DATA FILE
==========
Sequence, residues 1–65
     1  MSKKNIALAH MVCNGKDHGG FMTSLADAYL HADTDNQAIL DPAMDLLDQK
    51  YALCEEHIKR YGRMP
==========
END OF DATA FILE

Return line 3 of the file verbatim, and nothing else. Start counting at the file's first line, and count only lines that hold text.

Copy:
    51  YALCEEHIKR YGRMP